Joshua Hendy, after whom Hendy Woods was named, was an English-born blacksmith who moved from Texas to California in the California Gold Rush and built a large sawmill on the Navarro River. When Hendy died in 1891, he willed the property to his nephews with a stipulation that the coast redwood groves in it be protected. However, his nephew Samuel Hendy eventually ran out of money and sold the property to the Pacific Coast Lumber Company. It was sold again in turn to the Albion Lumber Company, in 1930 to the Southern Pacific Land Company, and in 1948 to the Masonite Corporation, together with the land stretching from what is now the park to the coast. Masonite built a fiberboard mill in Ukiah and sparked a renewal of the logging boom in the area.
Through these changes of ownership, Hendy Woods remained unlogged and was a popular location for family picnics. In 1938, Al Strowbridge visited the Anderson Valley Unity Club (a local women's service organization) and spoke to them about the redwood forests of California; from that time forward the Unity Club worked to save the remaining groves of redwoods, and in 1958 the California State Park system bought approximately 600 acres of land with two miles of river frontage from Masonite for US$350,000. The park was formally dedicated on July 7, 1963; the dedication was attended by state senator Frank S. Petersen, musician Ethel Waters, and various local dignitaries. From 1979 to 1988, several additional purchases brought the park up to its present size of 816 acres. Additionally, the Unity Club continued to help maintain the park, building a disabled-accessible trail through the redwoods in 1980–1981 as part of the International Year of Disabled Persons.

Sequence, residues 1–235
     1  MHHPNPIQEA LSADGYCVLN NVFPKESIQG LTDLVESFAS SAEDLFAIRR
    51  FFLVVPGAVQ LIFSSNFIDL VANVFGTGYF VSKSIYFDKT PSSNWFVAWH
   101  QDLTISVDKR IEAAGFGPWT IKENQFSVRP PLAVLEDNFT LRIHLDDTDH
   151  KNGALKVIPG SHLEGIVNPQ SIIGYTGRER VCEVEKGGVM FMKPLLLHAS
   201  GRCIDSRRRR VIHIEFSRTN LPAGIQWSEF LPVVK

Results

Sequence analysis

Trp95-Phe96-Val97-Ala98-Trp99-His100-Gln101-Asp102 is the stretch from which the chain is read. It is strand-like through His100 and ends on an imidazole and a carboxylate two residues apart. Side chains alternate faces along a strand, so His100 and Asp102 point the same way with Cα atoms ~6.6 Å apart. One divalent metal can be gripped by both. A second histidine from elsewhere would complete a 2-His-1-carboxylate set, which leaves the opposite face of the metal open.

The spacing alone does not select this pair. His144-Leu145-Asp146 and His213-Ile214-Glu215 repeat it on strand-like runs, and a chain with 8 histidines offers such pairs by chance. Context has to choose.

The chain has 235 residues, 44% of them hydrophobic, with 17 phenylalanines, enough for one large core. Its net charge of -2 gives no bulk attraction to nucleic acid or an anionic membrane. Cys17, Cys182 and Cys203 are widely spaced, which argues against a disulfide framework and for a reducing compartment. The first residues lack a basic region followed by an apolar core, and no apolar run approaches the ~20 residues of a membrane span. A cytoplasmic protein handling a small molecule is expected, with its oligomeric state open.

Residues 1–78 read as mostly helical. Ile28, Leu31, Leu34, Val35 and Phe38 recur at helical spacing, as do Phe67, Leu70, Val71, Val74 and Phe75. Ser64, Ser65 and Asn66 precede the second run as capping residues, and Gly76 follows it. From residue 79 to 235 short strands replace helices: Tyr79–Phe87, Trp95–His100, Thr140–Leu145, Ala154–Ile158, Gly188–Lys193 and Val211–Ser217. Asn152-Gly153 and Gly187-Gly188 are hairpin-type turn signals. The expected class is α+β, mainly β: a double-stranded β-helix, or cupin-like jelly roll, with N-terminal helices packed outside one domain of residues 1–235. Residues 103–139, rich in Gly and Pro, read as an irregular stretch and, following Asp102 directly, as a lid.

The park was home to the "Hendy Hermit" Petrov Zailenko, who lived there for over a decade in the 1960s and 1970s, hunting local game and taking produce from local farms. The Hermit Hut Trail in the park passes one of the huts that Zailenko built from fallen redwood debris. Zailenko died in 1981, and his ashes were scattered in the park.
Despite accommodating nearly 50,000 visitors per year (primarily from the San Francisco Bay Area) and bringing in an estimated revenue of US$2.8 million per year to Mendocino County, Hendy Woods was one of 70 state parks slated for closure in July 2012 due to state budget cuts. With an annual operating budget of $468,000, and fees totalling $239,000 per year, the state would have saved approximately $229,000 per year by the closure, but this calculation did not include the tax revenues from the economic activities surrounding the park, which have been estimated to be significantly higher than the cost of running the park. In November 2011, a group of protesters associated with the Occupy movement camped in the park (despite the campground being closed for the winter) in protest of the cuts. In part because of local fundraising efforts for many of the parks, the planned closure ultimately did not happen.